Observations of an Expat: America Without NATO

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Tom Arms



Can he do it? The latest NATO summit ended with the alliance still intact, but Donald Trump has opened the door to an American exit with the chilling words: “It is presently unnecessary” to withdraw the United States from the North Atlantic Treaty Organisation.


Which means that it is still on the table.


Trump is angry that his alliance partners are slow in reaching the defence spending target of two percent of GDP by 2025. In fact he wants them to double the target to four percent. After all, America is spending 4.8 percent according to Trump (3.5 percent according to government accountants).


If they don’t? Well, that’s when he might start heading for the door he has just left ajar. Which brings us back to the question: Can he do it? As well as the questions of the impact on Europe, America and the wider world.


In theory it would seem that Trump would need the support of Congress to withdraw from the Western Alliance. But political practice points in the opposite direction.


Under the terms of the American Constitution all treaties and alliances need the approval of two-thirds of the members of the Senate. Once ratified they become part of “the supreme law of the land”. Exactly what this means, however, is open to interpretation. Founding father Thomas Jefferson interpreted it as meaning that revoking a treaty would also require approval from two-thirds of the Senate.


But more recent practice indicates otherwise. In 2002 George W. Bush decided to unilaterally withdraw from the US-Russian Anti-Ballistic Missile Treaty. The Leader of the Senate said nothing. Several democratic senators decided to sue in the courts to force a vote. It was rejected by the Washington DC federal judge partly because the Senate had already failed to adequately assert its powers and because the judge ruled: “Issues concerning treaties are largely political questions best left to the political branches of government, not the courts, for resolution.”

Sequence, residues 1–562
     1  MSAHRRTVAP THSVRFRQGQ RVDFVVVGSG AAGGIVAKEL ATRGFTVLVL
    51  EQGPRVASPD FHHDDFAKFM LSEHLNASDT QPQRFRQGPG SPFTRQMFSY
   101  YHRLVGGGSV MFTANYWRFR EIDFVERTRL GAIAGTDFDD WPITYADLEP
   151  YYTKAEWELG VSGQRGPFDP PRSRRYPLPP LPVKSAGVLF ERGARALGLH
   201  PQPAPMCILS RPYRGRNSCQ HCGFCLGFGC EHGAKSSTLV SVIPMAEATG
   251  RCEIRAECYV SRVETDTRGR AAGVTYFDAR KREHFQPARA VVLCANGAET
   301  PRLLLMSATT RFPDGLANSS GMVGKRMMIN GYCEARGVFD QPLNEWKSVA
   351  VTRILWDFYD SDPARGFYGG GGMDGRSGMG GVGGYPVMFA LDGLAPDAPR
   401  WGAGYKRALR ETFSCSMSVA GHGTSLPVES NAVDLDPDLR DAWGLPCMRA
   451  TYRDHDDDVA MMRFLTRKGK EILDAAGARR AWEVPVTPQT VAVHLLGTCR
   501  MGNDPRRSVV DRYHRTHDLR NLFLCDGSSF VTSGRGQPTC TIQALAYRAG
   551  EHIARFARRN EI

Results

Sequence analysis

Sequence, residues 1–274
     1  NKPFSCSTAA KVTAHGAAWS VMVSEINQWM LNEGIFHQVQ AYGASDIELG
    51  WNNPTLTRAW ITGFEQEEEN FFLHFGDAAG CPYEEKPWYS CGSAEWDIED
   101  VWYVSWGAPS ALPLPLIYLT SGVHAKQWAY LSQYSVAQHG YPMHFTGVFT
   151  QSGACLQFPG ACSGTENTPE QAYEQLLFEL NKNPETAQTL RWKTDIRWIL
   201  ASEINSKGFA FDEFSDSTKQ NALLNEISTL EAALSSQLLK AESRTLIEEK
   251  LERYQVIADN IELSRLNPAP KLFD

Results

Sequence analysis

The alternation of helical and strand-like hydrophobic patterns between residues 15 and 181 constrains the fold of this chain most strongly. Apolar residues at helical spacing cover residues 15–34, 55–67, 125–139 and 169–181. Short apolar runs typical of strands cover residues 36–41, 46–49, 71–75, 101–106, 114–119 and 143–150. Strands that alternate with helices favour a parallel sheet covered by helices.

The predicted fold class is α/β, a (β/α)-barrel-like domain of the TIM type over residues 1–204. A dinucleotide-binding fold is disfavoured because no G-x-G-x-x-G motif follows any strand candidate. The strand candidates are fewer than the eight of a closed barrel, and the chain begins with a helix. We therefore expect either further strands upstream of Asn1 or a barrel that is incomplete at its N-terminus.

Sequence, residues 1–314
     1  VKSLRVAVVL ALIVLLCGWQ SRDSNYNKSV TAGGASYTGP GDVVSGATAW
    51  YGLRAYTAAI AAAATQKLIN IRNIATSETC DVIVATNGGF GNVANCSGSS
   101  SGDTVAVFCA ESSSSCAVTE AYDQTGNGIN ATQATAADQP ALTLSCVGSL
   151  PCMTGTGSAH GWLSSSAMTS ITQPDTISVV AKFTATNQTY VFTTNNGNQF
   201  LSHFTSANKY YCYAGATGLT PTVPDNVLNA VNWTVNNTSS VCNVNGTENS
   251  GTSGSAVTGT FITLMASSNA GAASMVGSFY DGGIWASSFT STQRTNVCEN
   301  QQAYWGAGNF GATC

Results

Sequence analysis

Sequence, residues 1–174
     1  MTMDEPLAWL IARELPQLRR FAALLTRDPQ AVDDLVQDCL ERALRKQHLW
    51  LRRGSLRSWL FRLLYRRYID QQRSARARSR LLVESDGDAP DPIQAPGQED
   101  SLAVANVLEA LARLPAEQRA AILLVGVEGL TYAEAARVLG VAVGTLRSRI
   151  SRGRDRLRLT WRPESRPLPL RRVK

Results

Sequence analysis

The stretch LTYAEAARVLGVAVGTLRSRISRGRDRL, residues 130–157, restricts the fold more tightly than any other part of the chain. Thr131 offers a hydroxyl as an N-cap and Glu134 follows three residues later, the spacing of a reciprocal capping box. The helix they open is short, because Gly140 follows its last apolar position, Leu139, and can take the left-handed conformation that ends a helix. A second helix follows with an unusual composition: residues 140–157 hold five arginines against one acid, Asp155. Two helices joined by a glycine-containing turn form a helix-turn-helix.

This treaty business cuts both ways. There are several treaties effectively in force without Senate approval. In each case, the White House enforced the treaty through executive decree because it feared rejection by the Senate. These include Salt II, the Law of the Sea Convention, Convention to Eliminate all forms of Discrimination Against Women, The Convention on the Rights of Persons with Disabilities and many others.


However, NATO is a—if not THE—cornerstone of American foreign policy. It is especially popular with Republican congressmen. So Donald Trump may find that the Senate rediscovers the interpretation of Thomas Jefferson along with its teeth if he decides to withdraw from NATO.


But as commander-in-chief he could effectively withdraw without actually withdrawing. He could refuse to supply weapons or spare parts to NATO allies. He could refuse to participate in NATO exercises and withdraw American forces from Europe. He could do all of the above without actually withdrawing from NATO.


But if he did so he would do irreparable harm not only to the defence of Europe but also to America’s position as a world power. The United States has 290 bases across Europe. The Europeans provide the land and, in most cases, a big chunk of the operational costs. The deal is simple: In exchange for allowing the US to operate on their sovereign soil the United States offers European protection.


The use of European sovereign soil also allows the United States to project its political and military power much further and faster than if it operated from bases thousands of miles away on the American eastern seaboard. The American forces not only operate in Europe, their bases are also staging posts for operations in Africa, the Middle East and Central Asia.


President Trump tends to view diplomatic relations in transactional dollars and cents terms. This is partly because of his business background and partly because that is an easy to understand formula for his supporters. But the world is much more complicated than that.





Tom Arms

I am a journalist, entrepreneur and historian with extensive experience in print, web and broadcast journalism. I started as a diplomatic correspondent, wrote several books (The Falklands Crisis, World Elections On File and the Encyclopedia of the Cold War), and then in 1987 started my own business (Future Events News Service, www.fensinformation.com) which over 25 years established itself as the world and UK media’s diary. Our strapline was: “We set the world’s news agenda.” I sold FENS in December 2012 but retained the exclusive broadcast rights to all of FENS data. To exploit these rights I set up LookAhead TV which produces unique programmes which “Broadcasts Tomorrow Today” so that viewers can “Plan to Participate.” LookAhead has appeared regularly on Vox Africa, Radio Tatras International, The Conversation and Voice of Africa Radio.

In addition to being a syndicated broadcaster and columnist on global affairs, Tom is also available for speaking engagements and can be contacted on TwitterLinkedin and email[email protected].

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